India’s upcoming intermediary guidelines have become a key topic for global stakeholders, like Wikipedia and WhatsApp. Daphne Keller, the Director of Intermediary Liability at Stanford’s Center for Internet and Society and a former Associate General Counsel for Google, speaks to Karishma Mehrotra about how the trends in India’s technology legislation fit into a global picture.
How does India fare in your research and teaching on technology regulation?
India and a couple of other countries like Brazil and Argentina were world leaders in their sophistication while thinking about how the laws that regulate technology are in effect laws that regulate ordinary individuals in our everyday lives.
I teach my students about the Shreya Singhal vs. Union of India ruling. It is one of the four most important globally-leading cases about the question, ‘If the Constitution puts obligations on governments to protect citizen’s rights, how does that constraint the laws that the government can pass to regulate speech platforms?’ If governments are asking, how much can we just tell private companies to regulate speech, Shreya Singhal says the answer is not that much. It’s really important that government authorities regulate speech, and when they fail in their authority, they can’t pass the buck to private companies.
How does Shreya Singhal compare to the other cases?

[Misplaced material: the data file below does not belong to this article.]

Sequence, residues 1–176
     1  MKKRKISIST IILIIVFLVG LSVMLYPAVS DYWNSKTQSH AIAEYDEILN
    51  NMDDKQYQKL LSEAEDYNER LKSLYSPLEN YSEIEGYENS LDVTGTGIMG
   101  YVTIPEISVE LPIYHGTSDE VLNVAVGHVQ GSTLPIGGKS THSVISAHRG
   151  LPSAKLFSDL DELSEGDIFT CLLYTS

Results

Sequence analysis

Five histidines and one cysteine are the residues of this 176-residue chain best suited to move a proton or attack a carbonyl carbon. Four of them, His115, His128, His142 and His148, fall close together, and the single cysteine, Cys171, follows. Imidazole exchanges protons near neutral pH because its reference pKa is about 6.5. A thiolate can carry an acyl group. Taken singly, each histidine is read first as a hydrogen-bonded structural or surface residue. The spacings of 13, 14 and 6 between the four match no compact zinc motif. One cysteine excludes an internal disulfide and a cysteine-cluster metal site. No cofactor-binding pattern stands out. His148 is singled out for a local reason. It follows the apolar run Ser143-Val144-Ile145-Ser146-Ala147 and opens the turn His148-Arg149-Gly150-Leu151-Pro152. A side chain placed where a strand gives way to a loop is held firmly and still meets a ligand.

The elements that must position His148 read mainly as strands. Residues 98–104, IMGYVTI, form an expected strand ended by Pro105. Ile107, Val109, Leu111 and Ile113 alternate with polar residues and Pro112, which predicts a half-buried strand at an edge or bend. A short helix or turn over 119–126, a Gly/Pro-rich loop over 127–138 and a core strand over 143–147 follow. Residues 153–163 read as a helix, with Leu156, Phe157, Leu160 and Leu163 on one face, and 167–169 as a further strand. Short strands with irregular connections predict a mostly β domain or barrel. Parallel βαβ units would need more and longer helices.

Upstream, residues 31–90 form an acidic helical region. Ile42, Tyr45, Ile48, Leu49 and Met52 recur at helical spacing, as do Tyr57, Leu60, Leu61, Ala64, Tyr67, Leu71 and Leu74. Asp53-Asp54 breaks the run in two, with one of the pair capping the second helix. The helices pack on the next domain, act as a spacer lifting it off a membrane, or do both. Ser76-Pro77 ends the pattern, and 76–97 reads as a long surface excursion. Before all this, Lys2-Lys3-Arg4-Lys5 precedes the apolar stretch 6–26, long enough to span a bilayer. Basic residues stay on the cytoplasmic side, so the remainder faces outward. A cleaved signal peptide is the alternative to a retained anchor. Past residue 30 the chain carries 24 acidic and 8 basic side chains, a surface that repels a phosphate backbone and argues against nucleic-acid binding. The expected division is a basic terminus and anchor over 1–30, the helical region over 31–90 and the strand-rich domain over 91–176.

On the one hand, the European cases come up against a backdrop of a relatively detailed legislative system. On the other, the Argentina case has no legislative backdrop. The court was forced to start from zero and build what it thought the rules for platform liability should be by reasoning from first principles. India is kind of in-between.
With the upcoming introduction of new liability rules in India, how are you seeing these questions change around the world at this moment?
I think it’s part of a global shift towards much more pessimism about internet technology. The result was that they took things that sound like solutions and they’ve written down very cursory ideas for public review. For example, making the platforms proactively monitor for bad things, and effectively breach encryption.
In India, the conversation is not just around takedown requests, but more about the government requests for information — which is also an aspect of the draft intermediary guidelines. How do these topics relate?
At a higher level, there is always a profound connection between privacy and free expression. When a government wants something to disappear, that’s usually also a moment when they want to know who is the person who said this. Takedown requests and data access requests or surveillance requests very much go together.
What are the technical ramifications of breaking encryption?
If you break encryption in order to let the government in, you are also creating a security vulnerability that lets the bad guys in. I don’t know of any technologists that think you can do one without the other.
What are your insights into how American MNC’s operate in India?
There is a question here of the ultimate motivations of market-driven companies. I think the key question is who has leverage over Facebook or Google or Twitter or Apple. If they want access to a particular market a very lucrative market, and that government says you can’t come into this market until you do x, y, or z, then we have to be realistic about the motivations that the companies have in that circumstance.
The most extreme example of that is if they want access to the market in China, what accommodations are they willing to make? You get examples like Apple’s Apple store taking out news apps or removing the Taiwanese flag from the emoji keyboard.
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